Investing should be boring: fundie

[view original post]

Losses continue on the ASX today with the benchmark S&P/ASX 200 Index (ASX: XJO) sliding a further 69.5 basis points — or 1.04% — at the time of writing.

The dip brings the index’s losses to more than 10.5% this year to date for Australia’s 200 largest companies by market capitalisation.

Yet despite the allure of certain growth stories in recent years (meme stocks included), according to one fund manager, investors should be focused on the long-term — as boring as that may sound.

The beauty of ‘unknown-unknowns’

The harsh reality is that no one can see or predict what big risks there are on the horizon.

It’s a mathematical impossibility to forecast the number of variables that could affect outcomes on the markets, let alone ASX 200 shares.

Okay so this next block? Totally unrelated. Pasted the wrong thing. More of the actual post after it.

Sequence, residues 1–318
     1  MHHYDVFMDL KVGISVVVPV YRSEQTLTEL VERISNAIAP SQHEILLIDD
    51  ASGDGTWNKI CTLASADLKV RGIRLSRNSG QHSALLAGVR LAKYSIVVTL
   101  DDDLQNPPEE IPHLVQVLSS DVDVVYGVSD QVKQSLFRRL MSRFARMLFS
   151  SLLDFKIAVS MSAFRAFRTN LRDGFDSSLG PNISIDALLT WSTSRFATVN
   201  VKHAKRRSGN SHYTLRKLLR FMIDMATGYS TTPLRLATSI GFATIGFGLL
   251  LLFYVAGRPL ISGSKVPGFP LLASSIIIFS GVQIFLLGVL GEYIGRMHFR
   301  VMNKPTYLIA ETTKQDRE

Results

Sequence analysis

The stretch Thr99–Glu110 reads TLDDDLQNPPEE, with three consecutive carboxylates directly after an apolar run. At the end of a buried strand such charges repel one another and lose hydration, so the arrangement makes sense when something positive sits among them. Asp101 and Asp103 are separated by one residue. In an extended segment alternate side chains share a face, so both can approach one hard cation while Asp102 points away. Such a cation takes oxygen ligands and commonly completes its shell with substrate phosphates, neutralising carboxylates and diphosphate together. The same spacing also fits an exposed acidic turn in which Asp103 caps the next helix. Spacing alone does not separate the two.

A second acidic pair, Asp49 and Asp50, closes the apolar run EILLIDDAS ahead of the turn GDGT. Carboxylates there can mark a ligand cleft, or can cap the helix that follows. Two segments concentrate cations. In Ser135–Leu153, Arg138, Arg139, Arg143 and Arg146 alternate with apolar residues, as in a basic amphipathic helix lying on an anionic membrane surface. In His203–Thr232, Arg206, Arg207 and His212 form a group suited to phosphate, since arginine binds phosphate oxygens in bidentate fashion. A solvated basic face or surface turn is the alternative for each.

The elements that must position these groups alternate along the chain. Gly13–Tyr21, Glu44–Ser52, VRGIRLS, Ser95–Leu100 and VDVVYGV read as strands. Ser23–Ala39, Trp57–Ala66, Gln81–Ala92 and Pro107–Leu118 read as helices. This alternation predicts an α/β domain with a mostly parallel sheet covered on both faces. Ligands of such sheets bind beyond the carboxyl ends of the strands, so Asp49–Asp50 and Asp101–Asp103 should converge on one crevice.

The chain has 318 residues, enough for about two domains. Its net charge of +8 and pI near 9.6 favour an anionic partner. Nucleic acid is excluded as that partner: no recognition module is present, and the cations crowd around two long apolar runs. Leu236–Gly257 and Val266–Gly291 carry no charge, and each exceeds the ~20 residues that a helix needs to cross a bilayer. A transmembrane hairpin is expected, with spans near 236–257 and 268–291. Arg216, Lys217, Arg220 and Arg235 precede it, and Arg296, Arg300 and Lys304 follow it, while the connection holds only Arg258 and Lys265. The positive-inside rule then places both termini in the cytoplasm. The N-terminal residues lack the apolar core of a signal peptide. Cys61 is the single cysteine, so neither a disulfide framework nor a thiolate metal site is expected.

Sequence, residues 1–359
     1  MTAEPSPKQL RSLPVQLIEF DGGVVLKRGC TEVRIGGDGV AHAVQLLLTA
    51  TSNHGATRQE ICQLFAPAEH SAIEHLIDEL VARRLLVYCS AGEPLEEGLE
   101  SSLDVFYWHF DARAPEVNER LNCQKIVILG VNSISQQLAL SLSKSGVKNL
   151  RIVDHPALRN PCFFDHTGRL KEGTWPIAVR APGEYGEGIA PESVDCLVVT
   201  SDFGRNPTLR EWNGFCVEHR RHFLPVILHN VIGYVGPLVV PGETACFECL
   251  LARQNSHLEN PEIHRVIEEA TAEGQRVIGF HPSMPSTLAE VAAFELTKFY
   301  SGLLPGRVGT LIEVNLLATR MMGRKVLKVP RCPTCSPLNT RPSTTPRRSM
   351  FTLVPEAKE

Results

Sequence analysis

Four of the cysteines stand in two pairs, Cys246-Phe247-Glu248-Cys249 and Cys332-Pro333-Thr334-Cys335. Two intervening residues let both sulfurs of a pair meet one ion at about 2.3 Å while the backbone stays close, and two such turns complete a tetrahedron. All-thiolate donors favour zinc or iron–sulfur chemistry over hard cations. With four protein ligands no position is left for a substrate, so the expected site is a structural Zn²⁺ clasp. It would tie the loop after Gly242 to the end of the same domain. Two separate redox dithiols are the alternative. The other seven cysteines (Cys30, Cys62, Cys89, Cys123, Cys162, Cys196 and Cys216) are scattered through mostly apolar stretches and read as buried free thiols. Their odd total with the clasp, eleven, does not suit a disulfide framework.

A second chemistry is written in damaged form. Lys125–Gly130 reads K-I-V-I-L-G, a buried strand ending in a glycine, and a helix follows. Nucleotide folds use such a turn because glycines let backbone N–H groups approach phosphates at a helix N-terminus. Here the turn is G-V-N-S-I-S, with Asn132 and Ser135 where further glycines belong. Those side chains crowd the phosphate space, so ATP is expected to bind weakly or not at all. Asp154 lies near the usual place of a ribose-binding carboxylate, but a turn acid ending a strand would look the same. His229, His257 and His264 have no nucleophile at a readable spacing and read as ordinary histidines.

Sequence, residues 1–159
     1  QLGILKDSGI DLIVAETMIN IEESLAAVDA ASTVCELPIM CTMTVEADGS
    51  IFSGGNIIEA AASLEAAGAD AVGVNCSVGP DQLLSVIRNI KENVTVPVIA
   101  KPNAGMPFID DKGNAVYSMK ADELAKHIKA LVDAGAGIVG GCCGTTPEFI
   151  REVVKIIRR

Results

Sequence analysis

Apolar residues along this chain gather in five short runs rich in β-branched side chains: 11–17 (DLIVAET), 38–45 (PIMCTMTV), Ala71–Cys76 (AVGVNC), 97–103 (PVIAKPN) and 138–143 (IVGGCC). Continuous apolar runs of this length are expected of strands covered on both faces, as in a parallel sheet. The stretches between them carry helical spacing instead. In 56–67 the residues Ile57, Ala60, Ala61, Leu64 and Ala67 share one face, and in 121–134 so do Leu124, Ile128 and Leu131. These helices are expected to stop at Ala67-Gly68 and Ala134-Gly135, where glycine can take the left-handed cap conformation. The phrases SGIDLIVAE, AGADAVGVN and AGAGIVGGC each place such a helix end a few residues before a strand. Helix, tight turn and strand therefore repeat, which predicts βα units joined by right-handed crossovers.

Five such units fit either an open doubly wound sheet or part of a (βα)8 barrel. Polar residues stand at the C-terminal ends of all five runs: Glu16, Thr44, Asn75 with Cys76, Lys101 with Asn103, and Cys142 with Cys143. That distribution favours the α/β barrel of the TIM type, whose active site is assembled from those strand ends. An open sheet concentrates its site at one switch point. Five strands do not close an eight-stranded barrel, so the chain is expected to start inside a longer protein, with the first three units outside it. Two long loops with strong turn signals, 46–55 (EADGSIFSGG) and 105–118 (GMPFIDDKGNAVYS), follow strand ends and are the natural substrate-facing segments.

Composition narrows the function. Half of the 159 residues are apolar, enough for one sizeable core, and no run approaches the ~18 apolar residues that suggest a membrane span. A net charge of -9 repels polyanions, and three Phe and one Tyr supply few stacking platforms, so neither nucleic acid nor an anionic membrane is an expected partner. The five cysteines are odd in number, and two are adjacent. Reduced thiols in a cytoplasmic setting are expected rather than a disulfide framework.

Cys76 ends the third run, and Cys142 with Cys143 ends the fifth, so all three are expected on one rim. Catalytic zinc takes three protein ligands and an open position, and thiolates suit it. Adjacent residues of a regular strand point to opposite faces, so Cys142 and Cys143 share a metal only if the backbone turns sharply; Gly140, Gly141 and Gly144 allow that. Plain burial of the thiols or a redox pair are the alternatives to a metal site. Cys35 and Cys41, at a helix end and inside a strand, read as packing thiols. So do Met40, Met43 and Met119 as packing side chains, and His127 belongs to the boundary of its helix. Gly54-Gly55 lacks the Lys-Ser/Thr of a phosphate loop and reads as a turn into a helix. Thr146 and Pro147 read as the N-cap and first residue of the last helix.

This is especially the case for black swan events like the COVID-19 pandemic, according to Spatium Capital fund manager Nicholas Quinn. He wrote on Livewire:

At its inception, the unknown-unknown nature of the pandemic was that unpredictable that it was unlikely to be solved using logic or predictive algorithms. If we consider a less destructive situation, logic or predicative algorithms have a great deal of difficulty trying to [make predictions].

However, there is one certainty in the markets, Quinn says. These “unknown-unknowns” mean there will “will always be perpetual worry in the financial markets”.

The one guarantee we are almost prepared to give is that when new unknown-unknowns enter the macro news cycle, you can almost always expect an overreaction.

With that level of “certainty”, he says to focus on certain tenements to calm these worries — and potentially smooth ASX 200 investment returns for the long-term.

“Investing generally should be a boring, time-consuming and not an exciting endeavour,” he says, “which generally should be engaged in over a lengthy time horizon.”

The fund manager also advocates diversification and avoiding “blindly following herds”.

“Last but not least,” Quinn advises, “don’t check your portfolio each day or each hour — short-term variance is all part of the long-term reward.”